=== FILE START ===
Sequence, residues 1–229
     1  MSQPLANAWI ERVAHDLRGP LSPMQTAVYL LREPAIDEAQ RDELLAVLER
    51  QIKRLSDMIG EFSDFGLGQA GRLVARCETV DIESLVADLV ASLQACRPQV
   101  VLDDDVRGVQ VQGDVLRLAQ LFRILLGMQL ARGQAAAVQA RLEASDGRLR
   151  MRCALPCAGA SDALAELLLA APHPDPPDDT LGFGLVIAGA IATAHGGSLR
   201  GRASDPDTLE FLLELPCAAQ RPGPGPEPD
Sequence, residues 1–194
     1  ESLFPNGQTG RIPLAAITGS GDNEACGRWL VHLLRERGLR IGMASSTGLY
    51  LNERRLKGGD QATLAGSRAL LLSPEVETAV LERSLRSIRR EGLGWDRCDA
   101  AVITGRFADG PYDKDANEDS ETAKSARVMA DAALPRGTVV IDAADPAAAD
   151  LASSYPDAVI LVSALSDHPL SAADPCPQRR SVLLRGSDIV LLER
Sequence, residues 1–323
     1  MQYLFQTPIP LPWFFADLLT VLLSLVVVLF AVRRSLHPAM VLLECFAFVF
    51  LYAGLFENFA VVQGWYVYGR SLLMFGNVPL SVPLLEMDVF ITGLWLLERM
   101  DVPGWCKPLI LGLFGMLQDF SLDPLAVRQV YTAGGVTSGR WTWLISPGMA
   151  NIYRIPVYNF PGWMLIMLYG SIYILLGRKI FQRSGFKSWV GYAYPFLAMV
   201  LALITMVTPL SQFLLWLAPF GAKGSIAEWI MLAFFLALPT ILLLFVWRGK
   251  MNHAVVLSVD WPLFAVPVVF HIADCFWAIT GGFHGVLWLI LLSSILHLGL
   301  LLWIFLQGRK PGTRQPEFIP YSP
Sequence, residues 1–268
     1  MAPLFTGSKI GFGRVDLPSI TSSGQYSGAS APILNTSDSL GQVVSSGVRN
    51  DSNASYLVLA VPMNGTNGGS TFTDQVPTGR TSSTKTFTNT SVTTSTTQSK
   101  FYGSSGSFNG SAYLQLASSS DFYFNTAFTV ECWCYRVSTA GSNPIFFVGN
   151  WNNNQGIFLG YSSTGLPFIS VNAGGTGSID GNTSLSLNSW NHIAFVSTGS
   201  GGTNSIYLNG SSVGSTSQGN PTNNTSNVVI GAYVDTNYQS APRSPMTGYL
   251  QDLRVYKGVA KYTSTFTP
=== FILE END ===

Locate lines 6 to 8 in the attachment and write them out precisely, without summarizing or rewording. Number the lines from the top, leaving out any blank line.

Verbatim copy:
   201  GRASDPDTLE FLLELPCAAQ RPGPGPEPD
Sequence, residues 1–194
     1  ESLFPNGQTG RIPLAAITGS GDNEACGRWL VHLLRERGLR IGMASSTGLY